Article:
Conventional Wisdom: Something that is generally believed; prudence. Adhering to accepted standards of conduct or taste. Ordinary rather than different or original. Average.
Conventional wisdom is as easy to apply, as it is to find. It is practically everywhere you go and has been around for quite some time, yet seems to fall short in delivering value.
For thousands of years we have shared stories about the importance of fitting in, rather than standing out – the story of Icarus and Daedalus is perhaps most iconic. Fitting in is less crucial today than a thousand years ago when we relied on the bonds within our community to protect us from threats of wild beasts, elements, or imposing conquerors.
The benefits of following conventional wisdom include being easy and predictable while delivering minimal results with drastically lowered risk. We get lots of support and camaraderie. We look ‘smart’ by making ‘smart’ decisions.
Filled with logic, rationale, and pundit’s support; the downside to this thinking and decision-making is in our achievement of average results – as in not spectacular or extraordinary. This sort of wisdom is what typically defines the edges of our comfort zone. The problem with comfort zones is that the longer we stay within them; the smaller they get and the more we invest into our fears.
Fears of losing money, looking foolish to peers, and being ostracized from a supportive group are among the biggest. Incidentally, these are the root of why so many are afraid of public speaking.
As the illustration above depicts; there is a zone that is beyond our comfort, yet does not threaten our safety. This is where growth happens. The more we think and act beyond our comfort, the more our comforts are expanded.
Success Comes After Silly
Even in the dictionary, to know or understand success we must get past the silly. Our lives are no longer threatened by wild beasts and imposing conquerors so let down your guard a little and have some fun. Do something that triggers your adrenaline. No, you don’t need to jump out of an airplane, but you do need to push beyond the boundaries of comfort.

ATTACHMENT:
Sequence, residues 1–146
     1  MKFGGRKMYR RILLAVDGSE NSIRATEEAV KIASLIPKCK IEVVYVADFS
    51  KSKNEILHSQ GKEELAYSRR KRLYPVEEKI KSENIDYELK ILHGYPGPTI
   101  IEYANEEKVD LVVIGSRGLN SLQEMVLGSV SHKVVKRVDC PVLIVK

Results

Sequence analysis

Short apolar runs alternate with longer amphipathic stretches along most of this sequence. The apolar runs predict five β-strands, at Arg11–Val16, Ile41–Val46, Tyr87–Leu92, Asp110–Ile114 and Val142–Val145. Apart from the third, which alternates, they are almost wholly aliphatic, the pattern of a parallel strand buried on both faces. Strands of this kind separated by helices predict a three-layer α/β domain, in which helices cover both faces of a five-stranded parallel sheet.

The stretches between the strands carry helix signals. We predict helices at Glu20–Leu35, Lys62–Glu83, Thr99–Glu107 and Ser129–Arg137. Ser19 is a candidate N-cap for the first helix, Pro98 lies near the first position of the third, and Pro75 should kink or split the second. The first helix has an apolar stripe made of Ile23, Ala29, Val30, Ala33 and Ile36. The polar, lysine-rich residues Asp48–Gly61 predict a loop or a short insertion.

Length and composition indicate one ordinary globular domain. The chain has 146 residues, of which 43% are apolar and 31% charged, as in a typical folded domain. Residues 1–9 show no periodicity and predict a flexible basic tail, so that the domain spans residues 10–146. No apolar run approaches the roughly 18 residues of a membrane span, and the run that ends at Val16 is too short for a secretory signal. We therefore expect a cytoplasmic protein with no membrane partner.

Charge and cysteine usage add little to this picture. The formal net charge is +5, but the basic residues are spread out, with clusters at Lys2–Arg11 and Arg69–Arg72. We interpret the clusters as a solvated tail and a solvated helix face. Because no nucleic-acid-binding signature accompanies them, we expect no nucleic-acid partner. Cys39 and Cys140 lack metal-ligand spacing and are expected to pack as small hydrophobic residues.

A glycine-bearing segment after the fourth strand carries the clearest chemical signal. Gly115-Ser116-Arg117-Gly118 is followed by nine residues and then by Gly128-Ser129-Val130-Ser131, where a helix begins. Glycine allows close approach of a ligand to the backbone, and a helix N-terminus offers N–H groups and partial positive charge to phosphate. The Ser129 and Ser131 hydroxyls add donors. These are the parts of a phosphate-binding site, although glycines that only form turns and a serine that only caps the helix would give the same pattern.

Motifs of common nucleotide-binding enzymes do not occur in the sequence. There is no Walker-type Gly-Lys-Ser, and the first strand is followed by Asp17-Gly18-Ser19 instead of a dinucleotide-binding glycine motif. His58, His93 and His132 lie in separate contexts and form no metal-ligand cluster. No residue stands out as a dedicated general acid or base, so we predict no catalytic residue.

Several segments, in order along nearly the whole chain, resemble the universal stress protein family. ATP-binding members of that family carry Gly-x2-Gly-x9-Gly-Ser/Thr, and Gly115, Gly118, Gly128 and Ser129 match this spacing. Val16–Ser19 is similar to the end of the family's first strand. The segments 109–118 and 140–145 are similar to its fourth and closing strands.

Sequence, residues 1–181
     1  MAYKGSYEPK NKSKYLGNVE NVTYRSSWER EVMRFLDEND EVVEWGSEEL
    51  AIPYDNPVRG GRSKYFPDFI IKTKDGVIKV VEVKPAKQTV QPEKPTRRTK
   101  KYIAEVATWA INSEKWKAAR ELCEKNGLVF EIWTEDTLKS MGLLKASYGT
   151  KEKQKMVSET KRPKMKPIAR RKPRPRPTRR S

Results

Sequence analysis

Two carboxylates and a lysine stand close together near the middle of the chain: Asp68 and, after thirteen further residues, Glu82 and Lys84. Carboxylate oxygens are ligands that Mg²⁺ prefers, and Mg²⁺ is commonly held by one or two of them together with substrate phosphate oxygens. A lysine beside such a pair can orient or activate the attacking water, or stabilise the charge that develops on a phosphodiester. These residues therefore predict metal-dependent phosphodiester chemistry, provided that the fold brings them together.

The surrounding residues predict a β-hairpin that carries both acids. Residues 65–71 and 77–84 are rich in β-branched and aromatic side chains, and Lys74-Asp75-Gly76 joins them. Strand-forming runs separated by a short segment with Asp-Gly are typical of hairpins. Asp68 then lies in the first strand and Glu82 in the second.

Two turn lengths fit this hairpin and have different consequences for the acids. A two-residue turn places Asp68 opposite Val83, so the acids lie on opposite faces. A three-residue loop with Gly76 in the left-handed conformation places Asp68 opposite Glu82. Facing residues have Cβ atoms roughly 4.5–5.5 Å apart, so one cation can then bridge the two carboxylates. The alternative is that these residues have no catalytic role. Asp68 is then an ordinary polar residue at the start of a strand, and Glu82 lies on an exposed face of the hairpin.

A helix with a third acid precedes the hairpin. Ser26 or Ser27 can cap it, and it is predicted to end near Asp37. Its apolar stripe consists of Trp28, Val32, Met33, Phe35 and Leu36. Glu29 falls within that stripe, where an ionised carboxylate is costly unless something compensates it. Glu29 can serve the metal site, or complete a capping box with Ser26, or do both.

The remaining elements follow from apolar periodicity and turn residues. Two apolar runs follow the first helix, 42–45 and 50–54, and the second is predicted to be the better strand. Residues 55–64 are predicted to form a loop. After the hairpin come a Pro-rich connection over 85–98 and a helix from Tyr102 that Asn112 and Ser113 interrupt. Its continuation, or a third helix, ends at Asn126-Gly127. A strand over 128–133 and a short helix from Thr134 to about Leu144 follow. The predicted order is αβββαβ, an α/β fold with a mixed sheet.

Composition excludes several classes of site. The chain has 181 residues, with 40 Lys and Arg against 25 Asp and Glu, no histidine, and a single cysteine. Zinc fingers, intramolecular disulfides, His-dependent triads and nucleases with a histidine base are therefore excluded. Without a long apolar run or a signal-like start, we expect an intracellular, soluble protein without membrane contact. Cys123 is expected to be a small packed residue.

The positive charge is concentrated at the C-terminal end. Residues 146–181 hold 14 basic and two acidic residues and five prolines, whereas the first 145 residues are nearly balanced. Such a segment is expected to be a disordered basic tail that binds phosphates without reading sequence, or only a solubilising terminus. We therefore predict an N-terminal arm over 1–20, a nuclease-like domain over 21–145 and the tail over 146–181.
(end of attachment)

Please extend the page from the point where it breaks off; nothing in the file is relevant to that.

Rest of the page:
Wear a yellow tie, bow tie, or no tie to the next meeting. Share with a co-worker that you like to knit and how the other night while knitting, an idea came to you of how to make the big project work. Then tell the boss why you have an unfinished scarf hanging on your wall
Whether you completely let go of the need to fit in, or just begin by flirting with the idea; you will find more freedom, energy, and fun – not to mention RESULTS – by doing what others consider silly.
As we push closer to the edge of our comfort, we get a variety of internal feelings – butterflies in stomach, sweaty palms, elevated heart rate, etc. Re-categorize these from ‘alarms’ to mere ‘signals’ and take a moment to simply acknowledge/thank them for continuous service. Then ignore them for a few moments and claim this as part of your expanded comfort zone. This will help recalibrate them to signal when you are close to the new edge.
Start Small, Then Go BIG
In Jim Collins epic book Good To Great, he talks about how great companies fired bullets to calibrate and then fired cannonballs to maximize. He and his team describe bullets as easy, inexpensive, low-risk attempts to locate an ideal target; and cannonballs as the significant investments that bring worthwhile returns. Foolish companies that tested the market with cannonballs lost often and lost big.
All of the people we admire for their extraordinary results did so by breaking convention. It is the only way to grow.
Where will you grow?